The results of this survey are similar to those found during non-pandemic research: pets stave off loneliness, and living with pets helps people to be more active, even if it is only the movement associated with basic tasks, such as cleaning the litter box or filling food bowls. Most importantly, we are comforted by these non-human companions. The presence of a dog or a cat in the home may be the only thing between an isolated person and despair.

Given how important dogs, cats and other non-human companions are to our wellbeing, it is important to remember them when developing programs to support isolated people. When there is not enough money to go around, “it is not unheard of for people to feed their dog before they feed or acquire medications for themselves”.

As the economic reality of sustained unemployment unfolds, it is important for public services to consider not only food security for humans, but also for their non-human companions in order to prevent the possibility of a tsunami of pet abandonment due to an inability to provide care.The Conversation

L.F. Carver, Assistant Professor & Privacy and Ethics Officer at the Centre for Advanced Computing, Queen’s University, Ontario

This article is republished from The Conversation under a Creative Commons licence. Read the original article.

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9 Comments

Total Comments: 9
  1. 0
    0

    Might be reducing stress with owners, but not with the dog when the owner returns to work. Already my neighbours and I are being plagued by a young large dog that howls from the minute it’s owner leaves for work around 7.00am in the morning. Continues all through the day. We have calmly and quietly spoken to the owner – even offering to take it for a walk, but he is not interested. Only wants one person (him) to handle his dog.
    One lady has just recently had a baby and both are exhausted due to this continual noise. Regrettably we have had to complain to the council, so now we will be in the bad books with the neighbour.

    • 0
      0

      The dog is young and is experiencing “Seperation Anxiety”. May I suggest the you approach the neighbour and suggest that the dog be given a bone to chew whenever the owner leaves. The dog learns to relate the departure of the owner with a treat rather than seperation and gives the dog something to occupy itself at the time of seperation. We have done this with all our dogs (all 13 because we rescue abandoned Siberian Huskies) and never had a problem. Good luck!

    • 0
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      Huskie – I KNEW someone would come back with their expert opinions. I didn’t realise I had to give the whole situation – so sorry to upset you. So I will have to explain further.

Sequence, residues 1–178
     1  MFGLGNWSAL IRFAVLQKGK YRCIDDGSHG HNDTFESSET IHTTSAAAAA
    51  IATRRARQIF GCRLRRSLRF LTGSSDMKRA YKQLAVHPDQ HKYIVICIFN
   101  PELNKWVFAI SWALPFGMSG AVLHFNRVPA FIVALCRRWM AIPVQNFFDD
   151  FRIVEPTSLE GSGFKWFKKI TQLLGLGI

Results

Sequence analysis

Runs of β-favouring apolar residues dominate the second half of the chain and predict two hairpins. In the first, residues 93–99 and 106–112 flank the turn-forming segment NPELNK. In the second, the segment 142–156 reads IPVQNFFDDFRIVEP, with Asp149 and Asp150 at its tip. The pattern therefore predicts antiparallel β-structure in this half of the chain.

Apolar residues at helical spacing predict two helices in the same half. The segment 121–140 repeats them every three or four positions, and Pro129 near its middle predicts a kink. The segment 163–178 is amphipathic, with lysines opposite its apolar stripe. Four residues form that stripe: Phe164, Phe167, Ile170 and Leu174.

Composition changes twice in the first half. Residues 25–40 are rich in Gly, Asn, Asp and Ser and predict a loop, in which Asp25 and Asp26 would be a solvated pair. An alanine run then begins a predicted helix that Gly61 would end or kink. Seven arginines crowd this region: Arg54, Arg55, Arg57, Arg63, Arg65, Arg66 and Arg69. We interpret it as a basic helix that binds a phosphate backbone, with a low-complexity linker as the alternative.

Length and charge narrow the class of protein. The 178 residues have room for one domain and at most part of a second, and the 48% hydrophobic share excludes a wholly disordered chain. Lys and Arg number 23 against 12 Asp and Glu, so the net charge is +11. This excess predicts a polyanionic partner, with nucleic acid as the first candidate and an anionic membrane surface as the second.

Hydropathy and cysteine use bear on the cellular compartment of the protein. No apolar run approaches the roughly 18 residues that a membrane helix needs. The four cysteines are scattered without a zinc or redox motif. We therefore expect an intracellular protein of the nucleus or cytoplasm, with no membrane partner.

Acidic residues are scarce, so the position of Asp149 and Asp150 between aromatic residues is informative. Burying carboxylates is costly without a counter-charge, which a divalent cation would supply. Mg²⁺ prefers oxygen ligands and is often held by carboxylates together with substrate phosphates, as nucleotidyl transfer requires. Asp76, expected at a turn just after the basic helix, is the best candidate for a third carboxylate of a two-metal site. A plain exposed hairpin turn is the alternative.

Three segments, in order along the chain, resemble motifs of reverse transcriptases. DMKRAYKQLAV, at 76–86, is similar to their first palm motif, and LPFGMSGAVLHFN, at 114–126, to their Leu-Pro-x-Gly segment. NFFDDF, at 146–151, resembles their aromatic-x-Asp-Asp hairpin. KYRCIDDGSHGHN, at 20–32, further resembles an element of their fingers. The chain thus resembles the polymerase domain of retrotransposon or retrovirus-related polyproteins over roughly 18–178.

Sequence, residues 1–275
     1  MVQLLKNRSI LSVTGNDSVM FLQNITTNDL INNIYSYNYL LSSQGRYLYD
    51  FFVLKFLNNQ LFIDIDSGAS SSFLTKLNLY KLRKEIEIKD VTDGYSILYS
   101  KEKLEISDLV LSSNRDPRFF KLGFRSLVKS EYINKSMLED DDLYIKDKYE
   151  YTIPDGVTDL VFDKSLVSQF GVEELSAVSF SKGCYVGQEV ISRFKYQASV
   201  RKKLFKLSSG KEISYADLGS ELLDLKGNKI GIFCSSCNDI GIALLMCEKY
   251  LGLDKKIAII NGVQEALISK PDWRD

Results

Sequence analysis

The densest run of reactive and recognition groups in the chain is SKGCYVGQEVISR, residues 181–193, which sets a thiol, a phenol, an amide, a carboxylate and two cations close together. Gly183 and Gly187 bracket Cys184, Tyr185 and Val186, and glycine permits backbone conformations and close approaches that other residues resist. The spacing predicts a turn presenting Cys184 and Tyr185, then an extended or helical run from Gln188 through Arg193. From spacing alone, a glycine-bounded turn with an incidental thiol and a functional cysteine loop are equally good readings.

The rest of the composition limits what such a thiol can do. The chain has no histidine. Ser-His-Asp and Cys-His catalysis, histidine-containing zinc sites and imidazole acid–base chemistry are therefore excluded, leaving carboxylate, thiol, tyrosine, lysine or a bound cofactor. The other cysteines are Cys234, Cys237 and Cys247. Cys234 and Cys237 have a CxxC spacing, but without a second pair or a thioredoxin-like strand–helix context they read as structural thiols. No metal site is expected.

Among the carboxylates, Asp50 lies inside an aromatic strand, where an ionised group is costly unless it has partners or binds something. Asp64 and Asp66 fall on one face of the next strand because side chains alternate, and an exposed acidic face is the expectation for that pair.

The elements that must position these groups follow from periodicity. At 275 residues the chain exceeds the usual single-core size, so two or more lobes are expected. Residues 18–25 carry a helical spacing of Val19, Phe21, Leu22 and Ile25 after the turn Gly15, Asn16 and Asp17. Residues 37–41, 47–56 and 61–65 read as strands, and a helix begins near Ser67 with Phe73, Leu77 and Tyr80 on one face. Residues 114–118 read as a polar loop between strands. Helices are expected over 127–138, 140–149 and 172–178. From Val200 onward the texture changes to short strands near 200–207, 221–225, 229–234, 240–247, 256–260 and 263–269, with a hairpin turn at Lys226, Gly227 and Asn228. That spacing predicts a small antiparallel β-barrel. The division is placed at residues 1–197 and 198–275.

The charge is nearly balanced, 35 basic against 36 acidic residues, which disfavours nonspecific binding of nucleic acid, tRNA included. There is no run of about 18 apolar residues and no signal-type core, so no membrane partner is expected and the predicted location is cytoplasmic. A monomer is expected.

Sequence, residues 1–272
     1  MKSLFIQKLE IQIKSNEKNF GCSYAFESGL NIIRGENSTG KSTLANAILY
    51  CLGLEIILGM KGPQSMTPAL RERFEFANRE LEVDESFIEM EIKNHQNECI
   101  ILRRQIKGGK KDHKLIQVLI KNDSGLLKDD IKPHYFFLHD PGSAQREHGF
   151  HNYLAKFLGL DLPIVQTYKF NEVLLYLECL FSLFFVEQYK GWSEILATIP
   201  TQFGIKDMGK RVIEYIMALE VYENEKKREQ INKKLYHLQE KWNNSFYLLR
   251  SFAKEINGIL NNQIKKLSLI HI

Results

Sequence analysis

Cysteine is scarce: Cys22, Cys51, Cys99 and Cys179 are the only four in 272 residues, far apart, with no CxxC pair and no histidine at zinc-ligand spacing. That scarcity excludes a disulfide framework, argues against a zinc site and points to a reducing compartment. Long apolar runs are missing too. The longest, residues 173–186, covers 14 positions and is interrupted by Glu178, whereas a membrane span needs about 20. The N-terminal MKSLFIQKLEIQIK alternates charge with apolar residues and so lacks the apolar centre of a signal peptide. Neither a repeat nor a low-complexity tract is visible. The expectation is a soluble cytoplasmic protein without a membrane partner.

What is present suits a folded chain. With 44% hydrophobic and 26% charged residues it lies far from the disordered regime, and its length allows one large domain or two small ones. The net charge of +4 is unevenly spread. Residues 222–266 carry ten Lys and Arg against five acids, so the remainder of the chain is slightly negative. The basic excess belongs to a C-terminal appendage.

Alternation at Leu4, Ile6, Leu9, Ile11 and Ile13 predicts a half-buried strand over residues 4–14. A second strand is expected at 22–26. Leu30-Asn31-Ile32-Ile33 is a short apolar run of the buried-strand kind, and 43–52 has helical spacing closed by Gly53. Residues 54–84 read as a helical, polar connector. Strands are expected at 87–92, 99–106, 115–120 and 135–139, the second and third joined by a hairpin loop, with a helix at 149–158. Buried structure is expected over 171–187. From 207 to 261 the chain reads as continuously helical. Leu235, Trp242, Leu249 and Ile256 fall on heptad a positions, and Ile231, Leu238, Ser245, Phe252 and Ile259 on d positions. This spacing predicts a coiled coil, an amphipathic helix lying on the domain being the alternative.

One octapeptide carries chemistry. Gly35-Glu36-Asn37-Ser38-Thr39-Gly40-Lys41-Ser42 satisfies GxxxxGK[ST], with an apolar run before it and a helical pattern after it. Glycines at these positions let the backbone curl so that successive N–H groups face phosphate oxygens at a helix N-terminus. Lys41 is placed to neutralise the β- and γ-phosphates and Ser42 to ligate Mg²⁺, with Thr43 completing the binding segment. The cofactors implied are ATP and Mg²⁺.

(1) I DO dog training – qualified (that is why I approached him)
      (2) I DID make some suggestions to owner about bone, a sand pit, a kong – not interested
      (3) I walk my dog twice a day, offered to walk his – not interested
      So now because of irresponsible dog owner, the neighbours have to endure this continual disruption, and we now have a neighbour we don’t get on with.

    • 0
      0

      No need to shout (KNEW). Did not upset me. I also did dog training in my younger days as a qualified trainer (qualified for Man Work). No bad dogs only bad owners. As I said – good luck!

    • 0
      0

      Keep persevering with taking the dog for a walk and having it settle with you at your place for the day. I had this at two separate houses when the owners put their dogs out at night. They didn’t hear their dog barking all night meanwhile I was quietly going insane from lack of sleep!

  2. 0
    0

    My rescue cat (from 3 years ago) is great company.

  3. 0
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    Our cat has been a big help. Her antics make us laugh. She picks up a toy and races around the house with it. She is really funny and playful. She arrived in February at three months of age so still in the kitten stage.

  4. 0
    0

    I think the dogs in China may have been abandoned because pretty well all of China’s population live in high rise flats and it would have been v hard to keep them indoors for the long period of the shutdown. All the Chinese people I have met love their pets dearly. Ok ok I know someone is going to start on about the Chinese eating dog. That’s fairly uncommon, usually eaten as a winter dish mainly by rich Chinese. And they don’t eat their own dogs.
    My worry is for all the newly adopted dogs and what will happen when people go back to work and feel too tired to exercise them st the end of the day.

    • 0
      0

      That is my concern too. A three month toy and then abandoned as lawn furniture. The puppy scams have been out of control as well as dogs missing from people’s back yard.